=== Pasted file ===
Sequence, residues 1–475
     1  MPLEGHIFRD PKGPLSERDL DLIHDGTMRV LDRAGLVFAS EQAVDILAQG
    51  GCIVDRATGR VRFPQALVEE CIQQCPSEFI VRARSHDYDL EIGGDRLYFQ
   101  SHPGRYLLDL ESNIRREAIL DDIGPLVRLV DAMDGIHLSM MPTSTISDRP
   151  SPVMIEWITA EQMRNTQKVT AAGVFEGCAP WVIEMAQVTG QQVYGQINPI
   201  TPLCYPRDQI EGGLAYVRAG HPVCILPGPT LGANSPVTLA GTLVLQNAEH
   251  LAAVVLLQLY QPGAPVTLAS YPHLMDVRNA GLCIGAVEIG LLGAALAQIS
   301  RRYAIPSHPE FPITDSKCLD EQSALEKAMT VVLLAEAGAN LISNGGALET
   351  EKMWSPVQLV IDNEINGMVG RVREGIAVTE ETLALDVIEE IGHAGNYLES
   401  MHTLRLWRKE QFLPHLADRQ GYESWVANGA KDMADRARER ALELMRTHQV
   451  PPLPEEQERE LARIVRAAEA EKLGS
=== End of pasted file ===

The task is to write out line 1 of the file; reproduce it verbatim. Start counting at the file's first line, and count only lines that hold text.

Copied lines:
Sequence, residues 1–475